"Sheffield is the best city I have ever lived in to experience proper weather"

Joe Shute is an author and journalist with a passion for the natural world. He works as senior feature writer for the Daily Telegraph where he writes the weekly Weather Watch column. Previously he worked for the Yorkshire Post and Halifax Evening Courier.

Monday, 11th October 2021, 12:07 pm
Updated Monday, 11th October 2021, 12:13 pm

Outside of journalism he writes nature books for Bloomsbury. His first, A Shadow Above: the fall and rise of the raven, was published in 2018. His latest book, Forecast: a diary of the lost seasons, was published in June.

He is giving a talk about his latest book at Off the Shelf Festival on Sunday October 17 at 1pm at the Millennium Gallery. Visit https://www.offtheshelf.org.uk/event/forecast-a-diary-of-the-lost-seasons-joe-shute/

Abbeydale Road

Joe Shute.

I live not far from Abbeydale Road and love its independent shops, cafes, restaurants and pubs and of course the Picture House. One thing I don’t love, however, is the traffic and pollution and in 2019 I helped set up the community group Abbeydale Street Trees to re-green Abbeydale Road. To date we have raised £15,000 to plant an avenue of street trees along the high street (and are hoping to plant the trees in January).

We have had amazing local support from businesses and schools. We have planted more than 150 small hedgerow species and large mature trees along the Abbeydale Road corridor in school grounds, churchyards and private land. We are also currently in talks with the council about creating a parklet on the street. It’s been incredible and inspiring to see so many people come together and volunteer their time and energy to improve the street. The strength of community is something one encounters all over the city.


As a weather watcher one of my favourite things about Sheffield is the number of rainbows you see here. If it’s recently stopped raining head up to your nearest hill and enjoy one of the many vantage points looking out over the city. Chances are you will see one.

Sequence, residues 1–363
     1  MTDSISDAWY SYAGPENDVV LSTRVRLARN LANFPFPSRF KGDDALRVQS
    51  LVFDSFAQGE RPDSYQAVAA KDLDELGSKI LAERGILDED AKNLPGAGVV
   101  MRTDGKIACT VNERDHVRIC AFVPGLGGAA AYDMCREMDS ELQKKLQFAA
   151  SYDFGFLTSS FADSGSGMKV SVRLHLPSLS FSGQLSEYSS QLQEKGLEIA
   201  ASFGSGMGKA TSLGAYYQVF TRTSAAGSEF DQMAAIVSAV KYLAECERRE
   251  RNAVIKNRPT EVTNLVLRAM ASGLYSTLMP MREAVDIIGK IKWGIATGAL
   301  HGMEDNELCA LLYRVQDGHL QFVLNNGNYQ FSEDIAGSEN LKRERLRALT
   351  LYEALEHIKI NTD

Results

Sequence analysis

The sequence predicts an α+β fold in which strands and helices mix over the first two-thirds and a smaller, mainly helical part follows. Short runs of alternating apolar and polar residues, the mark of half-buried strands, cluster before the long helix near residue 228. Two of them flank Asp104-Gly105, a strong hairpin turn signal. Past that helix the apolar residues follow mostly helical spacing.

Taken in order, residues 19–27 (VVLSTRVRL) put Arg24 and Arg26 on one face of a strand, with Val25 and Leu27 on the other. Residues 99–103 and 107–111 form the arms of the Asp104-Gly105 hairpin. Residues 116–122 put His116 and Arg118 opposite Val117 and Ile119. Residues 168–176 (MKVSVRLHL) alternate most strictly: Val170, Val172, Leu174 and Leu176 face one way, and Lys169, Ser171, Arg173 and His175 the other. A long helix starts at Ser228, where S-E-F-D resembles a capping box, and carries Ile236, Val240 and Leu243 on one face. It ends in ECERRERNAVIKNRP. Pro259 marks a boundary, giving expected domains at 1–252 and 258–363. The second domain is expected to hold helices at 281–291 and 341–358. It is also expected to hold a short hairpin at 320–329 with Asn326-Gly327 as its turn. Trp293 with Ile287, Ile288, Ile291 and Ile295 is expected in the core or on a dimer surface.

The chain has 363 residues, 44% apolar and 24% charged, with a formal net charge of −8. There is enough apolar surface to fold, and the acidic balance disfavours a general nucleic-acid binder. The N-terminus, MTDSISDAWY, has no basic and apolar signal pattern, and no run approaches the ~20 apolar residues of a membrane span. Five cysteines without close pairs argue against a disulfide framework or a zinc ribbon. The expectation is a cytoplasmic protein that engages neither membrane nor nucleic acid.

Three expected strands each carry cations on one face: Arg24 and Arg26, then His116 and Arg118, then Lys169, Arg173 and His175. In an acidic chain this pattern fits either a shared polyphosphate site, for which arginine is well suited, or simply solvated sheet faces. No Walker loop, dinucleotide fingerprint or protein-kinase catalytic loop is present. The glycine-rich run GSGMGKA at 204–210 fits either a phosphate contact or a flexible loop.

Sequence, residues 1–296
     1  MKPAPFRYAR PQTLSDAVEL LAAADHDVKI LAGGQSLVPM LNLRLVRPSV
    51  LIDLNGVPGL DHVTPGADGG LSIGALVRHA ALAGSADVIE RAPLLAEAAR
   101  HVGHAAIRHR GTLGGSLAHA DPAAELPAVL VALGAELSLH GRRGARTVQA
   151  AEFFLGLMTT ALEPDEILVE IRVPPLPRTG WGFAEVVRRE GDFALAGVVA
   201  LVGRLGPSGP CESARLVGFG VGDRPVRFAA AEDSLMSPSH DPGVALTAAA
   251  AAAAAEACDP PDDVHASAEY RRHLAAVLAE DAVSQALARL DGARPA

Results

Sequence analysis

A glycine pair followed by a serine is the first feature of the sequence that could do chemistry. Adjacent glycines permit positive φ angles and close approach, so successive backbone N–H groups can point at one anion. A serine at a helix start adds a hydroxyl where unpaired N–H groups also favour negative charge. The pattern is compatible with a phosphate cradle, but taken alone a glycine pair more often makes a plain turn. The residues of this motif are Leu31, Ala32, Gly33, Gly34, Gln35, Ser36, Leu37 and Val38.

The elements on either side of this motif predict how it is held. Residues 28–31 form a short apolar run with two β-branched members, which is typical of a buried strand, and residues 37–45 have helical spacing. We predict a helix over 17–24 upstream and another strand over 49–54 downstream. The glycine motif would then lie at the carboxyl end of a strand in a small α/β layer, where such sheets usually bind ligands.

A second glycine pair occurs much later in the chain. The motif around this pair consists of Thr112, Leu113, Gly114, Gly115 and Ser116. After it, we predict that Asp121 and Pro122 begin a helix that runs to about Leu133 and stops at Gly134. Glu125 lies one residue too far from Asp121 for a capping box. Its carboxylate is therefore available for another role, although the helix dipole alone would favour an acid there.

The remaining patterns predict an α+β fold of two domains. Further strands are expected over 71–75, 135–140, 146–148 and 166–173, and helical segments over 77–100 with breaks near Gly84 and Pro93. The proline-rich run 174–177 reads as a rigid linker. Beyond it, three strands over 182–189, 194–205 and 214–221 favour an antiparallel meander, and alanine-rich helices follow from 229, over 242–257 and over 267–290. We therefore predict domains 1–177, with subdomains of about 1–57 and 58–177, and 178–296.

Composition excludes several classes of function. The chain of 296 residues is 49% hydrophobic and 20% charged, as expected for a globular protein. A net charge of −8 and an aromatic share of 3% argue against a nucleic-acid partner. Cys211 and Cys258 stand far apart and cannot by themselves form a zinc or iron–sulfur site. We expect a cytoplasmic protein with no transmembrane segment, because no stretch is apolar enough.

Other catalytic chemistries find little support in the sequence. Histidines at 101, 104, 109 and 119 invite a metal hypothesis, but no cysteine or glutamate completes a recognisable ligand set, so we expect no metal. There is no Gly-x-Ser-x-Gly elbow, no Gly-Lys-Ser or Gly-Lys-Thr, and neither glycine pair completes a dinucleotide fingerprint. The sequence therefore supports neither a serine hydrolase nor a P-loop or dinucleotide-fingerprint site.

Mount Pleasent Park on Abbeydale Road in Sheffield.

Sheffield is the best city I have ever lived in to experience proper weather due to its topography and proximity to the Peaks – be it open blue skies or bucketing down snow. The seasons resonate here in a way they never did in London where I used to live.

We are also blessed in the city to have one of the oldest weather stations in continual operation in Britain in the guise of the Weston Park Weather station. The station was founded on September 1, 1882 and over the centuries has amassed a treasure trove of meteorological data which shows how the weather in Sheffield has changed. Basically things are getting considerably warmer and as recent years have shown extreme rainfall is becoming far more common.


When I first moved to Sheffield five or so years ago I volunteered for a year as writer in residence at Green Estate on Manor Top. I ran a series of writing workshops with youngsters on the estate and spent a year together documenting the seasons as they passed. The Manor is where they do the test planting for Pictorial Meadows wildflowers and in summer is transformed into a beautiful meadowland.


I am always out on my bike either cycling out to the Peak District or around the city. Some of the new cycle lanes which have sprung up in recent years are fantastic, especially the area around Castlegate and I love the combination of traffic free routes, flood defences and wildflowers. However there is a lot to be desired elsewhere in the city and I regularly feel as if I am taking my life into my hands cycling along London Road and Abbeydale Road. I have read in the Sheffield Telegraph that the council is considering re-opening roads such as Pinstone Street to traffic but feel rather than going backwards they need to do far more to encourage cycling in the city. So many other cities are currently doing a lot more to promote walking and cycling and it feels like the council needs to catch up.

Graves Gallery

I haven’t actually been since it has reopened following its grand refurbishment but I have always felt Graves Gallery is such an unappreciated gem in the city. It is really tucked away at the top of the Central Library and perhaps as a result doesn’t receive the attention it deserves but the art collection there is exceptional. My favourite artwork on display in the old gallery was Grayson Perry’s Comfort Blanket tapestry which adorned one of the walls. I am very much looking forward to seeing it again.